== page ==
One of the great things that we do at Front Row Reviews is find out about the newest filmmakers and bring them home to you.
Simon Savory (Press Manager & Acquisitions Executive at Peccadillo Pictures, London (Weekend, Tomboy, Skoonheid, She Monkeys, Eyes Wide Open) 2007-2012) is the director of the first LGBTQI road movie and Western, Bruno & Earlene Go To Vegas, which he is currently trying to find funds for and wants help from you via his INDIEGOGO link. The proposed planning for this feature is to go into Pre-Production in August of this year and shoot in September, in LA & Nevada.
He sent me a short synopsis for the film:
When old friend Earlene turns up on the doorstep of ’extremities model’ (hands and feet) Krista in Los Angeles, a spark is ignited that inspires them to take a trip to their dream destination of Paris. Problem is, they’re out of cash, and instead wind up in a gold-mining village in the Nevada desert, populated by a host of Las Vegas escapees – a pair of Chippendales, a drag queen, a sheriff and an ex-Showgirl. For a short while this eclectic community provide cover, but on the run from the cops, a plastic surgeon with a vengeance, and the queen of California’s underground ‘alternative’ gentlemen’s clubs, the two women must prepare for battle. But before doing so, Earlene must come to terms with a hidden truth about Krista’s past.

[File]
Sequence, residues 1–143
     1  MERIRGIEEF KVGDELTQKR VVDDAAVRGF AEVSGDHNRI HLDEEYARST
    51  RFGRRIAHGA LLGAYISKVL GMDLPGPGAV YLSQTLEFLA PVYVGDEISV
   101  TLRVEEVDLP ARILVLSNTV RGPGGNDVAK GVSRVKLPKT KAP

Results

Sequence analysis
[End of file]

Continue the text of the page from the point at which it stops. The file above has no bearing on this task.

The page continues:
Intrigued? So am I.
The film itself is comparable in themes and narrative to films ranging from Thelma & Louise, Butch Cassidy and the Sundance Kid, Transamerica & Death Proof.
He writes of himself:
As a child I used to watch a lot of films and TV shows while sitting on my father’s lap – Bruce Wayne Westerns, Carry On films and the Formula One Grand Prix – bored out of my mind. Second in command of the remote control was my brother – the films of Chuck Norris and Steven Segal being played on constant loop when my father was out. My mother had a soft spot for anything starring Julia Roberts. Then there was the soon to be gay kid who had crushes on Jamie Lee Curtis and Virginia Madsen, whose favourite movies were Thelma & Louise, Candyman and The Texas Chainsaw Massacre.
The film itself is “my love letter to the outsiders, the weird and wonderful people who exist on the fringe, on the outside looking in.” (Savory)
Check out a trailer here:
Simon, took the time out to answer some questions for Front Row Reviews, below are his answers.
1. So Simon, tell us a little about yourself and your film interests?
I’m 29, a born and raised Londoner, who has been lucky enough to have had many offbeat experiences in my life time. I like to think that these have all, in some way or another, led me to where I am now. My film interests are pretty broad, but I’ve always had a particular soft spot for horror films, and films that can be ‘read’ as well as enjoyed aesthetically – the kind of movies you pick apart in film theory classes I suppose.